Foods that lower low-density lipoprotein, or LDL cholesterol, include dark chocolate, avocados, nuts and whole grains, according to WebMD. Soy food products, beans, fortified foods and fish such as albacore tuna, salmon, halibut and sardines also help to lower LDL cholesterol. Fruits and vegetables
LDL cholesterol is an unhealthy form of cholesterol that collects in the walls of blood vessels and causes blockages of atherosclerosis. LDL particles are microscopic blobs that are less dense than other kinds of cholesterol, states WebMD.
Those needing to lower their low-density lipoprotein cholesterol count can often achieve their goals with changes in diet and exercise, according to WebMD. Patients should also speak with their doctors to determine if they also need medication to lower this type of cholesterol.
An optimal low-density lipoprotein level is 100 milligrams or less per deciliter of blood, according to the National Heart, Lung and Blood Institute. An LDL level of 190 milligrams per deciliter of blood is very high. Drug treatments and lifestyle changes lower LDL levels.
Elevated low-density lipoprotein (LDL) cholesterol levels are primarily caused by factors within a person's control, such as diet, weight and the amount of physical activity. LDL cholesterol is also impacted by heredity, age and gender, according to the National Heart, Lung and Blood Institute.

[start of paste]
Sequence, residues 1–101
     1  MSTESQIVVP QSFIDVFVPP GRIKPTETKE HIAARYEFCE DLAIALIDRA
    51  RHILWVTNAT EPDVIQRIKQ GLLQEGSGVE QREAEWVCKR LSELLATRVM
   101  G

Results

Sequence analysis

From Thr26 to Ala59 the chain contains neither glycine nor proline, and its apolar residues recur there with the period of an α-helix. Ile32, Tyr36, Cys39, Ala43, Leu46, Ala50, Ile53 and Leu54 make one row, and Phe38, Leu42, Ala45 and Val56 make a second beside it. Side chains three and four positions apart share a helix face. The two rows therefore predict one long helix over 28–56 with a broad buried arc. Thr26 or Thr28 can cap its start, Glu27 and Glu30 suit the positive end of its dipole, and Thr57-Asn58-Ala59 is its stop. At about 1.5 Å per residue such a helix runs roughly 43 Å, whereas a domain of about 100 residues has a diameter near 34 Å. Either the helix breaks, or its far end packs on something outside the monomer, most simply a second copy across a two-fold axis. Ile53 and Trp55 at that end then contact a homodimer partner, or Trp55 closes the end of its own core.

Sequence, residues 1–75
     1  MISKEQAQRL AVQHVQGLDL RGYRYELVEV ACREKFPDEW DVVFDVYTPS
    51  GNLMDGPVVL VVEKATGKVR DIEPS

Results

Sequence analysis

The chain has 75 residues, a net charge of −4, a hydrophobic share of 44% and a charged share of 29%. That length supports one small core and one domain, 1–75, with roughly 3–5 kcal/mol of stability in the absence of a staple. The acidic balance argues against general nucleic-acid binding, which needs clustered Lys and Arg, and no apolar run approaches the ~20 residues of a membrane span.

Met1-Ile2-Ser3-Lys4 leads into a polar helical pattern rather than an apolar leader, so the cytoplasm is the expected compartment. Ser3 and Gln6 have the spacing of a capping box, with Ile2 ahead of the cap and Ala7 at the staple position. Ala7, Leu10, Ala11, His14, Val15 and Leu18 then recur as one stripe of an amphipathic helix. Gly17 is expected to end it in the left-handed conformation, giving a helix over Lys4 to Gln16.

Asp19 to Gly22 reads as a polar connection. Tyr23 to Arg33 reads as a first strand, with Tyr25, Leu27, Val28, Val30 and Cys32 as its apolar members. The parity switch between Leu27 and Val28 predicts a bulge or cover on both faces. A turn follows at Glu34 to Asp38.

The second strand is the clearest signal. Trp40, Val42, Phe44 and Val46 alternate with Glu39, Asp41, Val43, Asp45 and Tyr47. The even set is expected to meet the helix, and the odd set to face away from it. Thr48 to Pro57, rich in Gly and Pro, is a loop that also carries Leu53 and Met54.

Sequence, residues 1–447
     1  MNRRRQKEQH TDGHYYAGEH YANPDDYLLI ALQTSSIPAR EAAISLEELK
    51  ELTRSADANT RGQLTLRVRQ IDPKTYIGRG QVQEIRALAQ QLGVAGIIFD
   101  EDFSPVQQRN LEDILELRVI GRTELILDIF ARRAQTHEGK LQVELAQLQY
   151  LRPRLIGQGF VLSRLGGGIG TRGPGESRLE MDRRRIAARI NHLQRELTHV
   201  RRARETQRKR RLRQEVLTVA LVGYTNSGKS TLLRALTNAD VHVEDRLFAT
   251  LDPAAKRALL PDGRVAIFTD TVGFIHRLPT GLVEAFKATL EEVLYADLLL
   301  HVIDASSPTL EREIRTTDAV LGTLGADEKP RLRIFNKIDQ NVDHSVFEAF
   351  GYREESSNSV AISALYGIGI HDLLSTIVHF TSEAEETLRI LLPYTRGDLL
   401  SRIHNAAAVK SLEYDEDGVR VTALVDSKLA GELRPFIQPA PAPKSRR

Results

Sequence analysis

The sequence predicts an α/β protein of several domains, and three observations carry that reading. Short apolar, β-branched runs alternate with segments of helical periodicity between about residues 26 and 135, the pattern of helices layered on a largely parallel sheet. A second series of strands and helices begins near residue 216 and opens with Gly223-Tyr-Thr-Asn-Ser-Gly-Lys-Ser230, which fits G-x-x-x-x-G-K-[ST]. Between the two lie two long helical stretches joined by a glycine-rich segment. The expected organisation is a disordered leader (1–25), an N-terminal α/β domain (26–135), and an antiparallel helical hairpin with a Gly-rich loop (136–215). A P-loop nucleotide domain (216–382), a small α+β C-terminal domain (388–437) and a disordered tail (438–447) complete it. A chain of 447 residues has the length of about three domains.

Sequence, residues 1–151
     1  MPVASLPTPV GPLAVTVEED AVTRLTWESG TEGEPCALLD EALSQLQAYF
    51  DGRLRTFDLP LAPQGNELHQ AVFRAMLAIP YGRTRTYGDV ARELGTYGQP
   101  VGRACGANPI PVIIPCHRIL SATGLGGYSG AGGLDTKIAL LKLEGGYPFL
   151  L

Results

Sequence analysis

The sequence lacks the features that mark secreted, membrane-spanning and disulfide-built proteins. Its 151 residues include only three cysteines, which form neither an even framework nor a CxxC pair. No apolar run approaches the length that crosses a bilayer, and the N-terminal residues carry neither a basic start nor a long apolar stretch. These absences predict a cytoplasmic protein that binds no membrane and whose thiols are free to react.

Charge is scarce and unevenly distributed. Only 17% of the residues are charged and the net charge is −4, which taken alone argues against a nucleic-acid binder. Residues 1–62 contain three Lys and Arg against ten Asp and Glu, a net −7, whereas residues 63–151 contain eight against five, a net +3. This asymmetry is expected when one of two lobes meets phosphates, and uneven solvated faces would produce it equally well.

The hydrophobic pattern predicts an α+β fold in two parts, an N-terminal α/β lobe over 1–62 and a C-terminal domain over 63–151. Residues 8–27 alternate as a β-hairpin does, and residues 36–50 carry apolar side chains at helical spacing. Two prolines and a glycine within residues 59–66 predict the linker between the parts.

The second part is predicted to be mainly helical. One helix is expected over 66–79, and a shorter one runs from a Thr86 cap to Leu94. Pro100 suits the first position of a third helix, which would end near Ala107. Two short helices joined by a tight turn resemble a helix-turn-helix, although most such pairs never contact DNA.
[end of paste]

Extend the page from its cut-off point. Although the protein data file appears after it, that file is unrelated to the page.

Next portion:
When LDL levels are too high, LDL cholesterol can build up in the artery walls, eventually causing blockages that cause heart attacks, explains Mayo Clinic. Most people should aim for an LDL level below 130 milligrams per deciliter to reduce their risk of heart disease.
Foods such as fish, fruits, vegetables, whole-grain starches and nuts all help to lower LDL cholesterol levels, according to WebMD. Consuming alcohol moderately can help with overall cholesterol levels by raising HDL cholesterol, the "good" form of cholesterol.
Foods that are high in LDL cholesterol include animal products such as meat, cheese and eggs. Other foods high in LDL cholesterol levels include dairy products such as whole milk and ice cream.
Ideal LDL cholesterol levels range from 100 to 129 mg/dL in healthy individuals. Those with existing conditions placing them at a high risk for heart disease should aim for less than 100 mg/dL; below 70 mg/dL is ideal for very high risk patients, according to Mayo Clinic.
Increasing intake of soluble fiber and omega-3 fatty acids that boost HDL cholesterol and substituting foods that have saturated fats with nuts are among the best ways to lower LDL cholesterol levels through changes to the diet, according to Mayo Clinic. Combining these changes with exercise works e